Monday, December 10, 2012

Tuvalu (1999)

Seen: On our projector set-up, streamed from netflix instant.

Oh man I love stumbling upon awesome movies unexpectedly! Tuvalu stuck out to us when we were scrolling around netflix instant and I'm glad we gave it a shot, because it's really enjoyable. This mostly-dialogue-free film is set in some sort of mysterious, vaguely European wasteland where a crumbling bathhouse is in danger of being demolished by money-grubbing businessmen. Socially inept Anton (Denis Lavant), who can never leave the building due to his lack of shoes, tries to get the structure up to code without alarming his boss, a grumpy, blind old man (Philippe Clay) who takes pride in running the boiler and acting as pool lifeguard. Meanwhile, a beautiful young woman (Chulpan Khamatova) catches Anton's eye, but she's busy fixing up her father's old boat with the hope of eventually sailing away to Tuvalu.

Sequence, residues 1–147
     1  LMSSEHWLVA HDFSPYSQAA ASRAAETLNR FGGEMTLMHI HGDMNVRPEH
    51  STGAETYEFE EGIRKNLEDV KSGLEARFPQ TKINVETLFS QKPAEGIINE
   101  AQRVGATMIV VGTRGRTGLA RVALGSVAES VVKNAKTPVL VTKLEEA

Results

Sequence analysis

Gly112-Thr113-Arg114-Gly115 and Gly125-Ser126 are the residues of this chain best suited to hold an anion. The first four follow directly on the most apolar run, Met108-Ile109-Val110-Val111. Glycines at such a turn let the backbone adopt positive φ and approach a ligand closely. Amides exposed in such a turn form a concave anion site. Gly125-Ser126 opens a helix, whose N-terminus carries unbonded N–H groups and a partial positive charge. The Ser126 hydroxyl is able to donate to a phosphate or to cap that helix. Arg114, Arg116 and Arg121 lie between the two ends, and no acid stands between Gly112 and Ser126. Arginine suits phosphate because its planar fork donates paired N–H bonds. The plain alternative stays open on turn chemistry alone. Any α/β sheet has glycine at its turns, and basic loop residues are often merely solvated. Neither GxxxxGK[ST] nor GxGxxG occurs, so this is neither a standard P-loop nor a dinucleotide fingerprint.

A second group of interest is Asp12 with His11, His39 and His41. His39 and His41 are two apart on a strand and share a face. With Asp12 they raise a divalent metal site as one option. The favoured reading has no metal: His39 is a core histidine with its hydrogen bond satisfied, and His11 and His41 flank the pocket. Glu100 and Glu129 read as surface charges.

With lovely use of color filters, weird sets, and a good heap of old-timey silent gags, Tuvalu is a strange and beautiful experience. It takes a while to get going, as the viewer must find their footing in this ambiguous, somewhat alarming setting with little expository information, but I got pretty into it as the film progressed. I loved the decaying settings and visual details, which oscillated between humorous and charming. Denis Lavant and Chulpan Khamatova are adorable and goofy as the leads, toying around with these conventional romantic archetypes and making them weird, while surrounded by sublimely weirder supporting characters- most notably the villain with the Eraserhead haircut. The story is a little uneven but the goofy jokes, adventurous spirit, and truly touching moments sprinkled in make for a fun and memorable film that can say so much with so few words. Interestingly, however, the funniest bit is one that does involve dialogue. "Technology! Profit!" Hilarious.

4/5

Pair This Movie With: The visuals and general atmosphere reminded me of Delicatessen, which I've been meaning to revisit for a while. It's the kind of movie I own but rarely watch for some reason.

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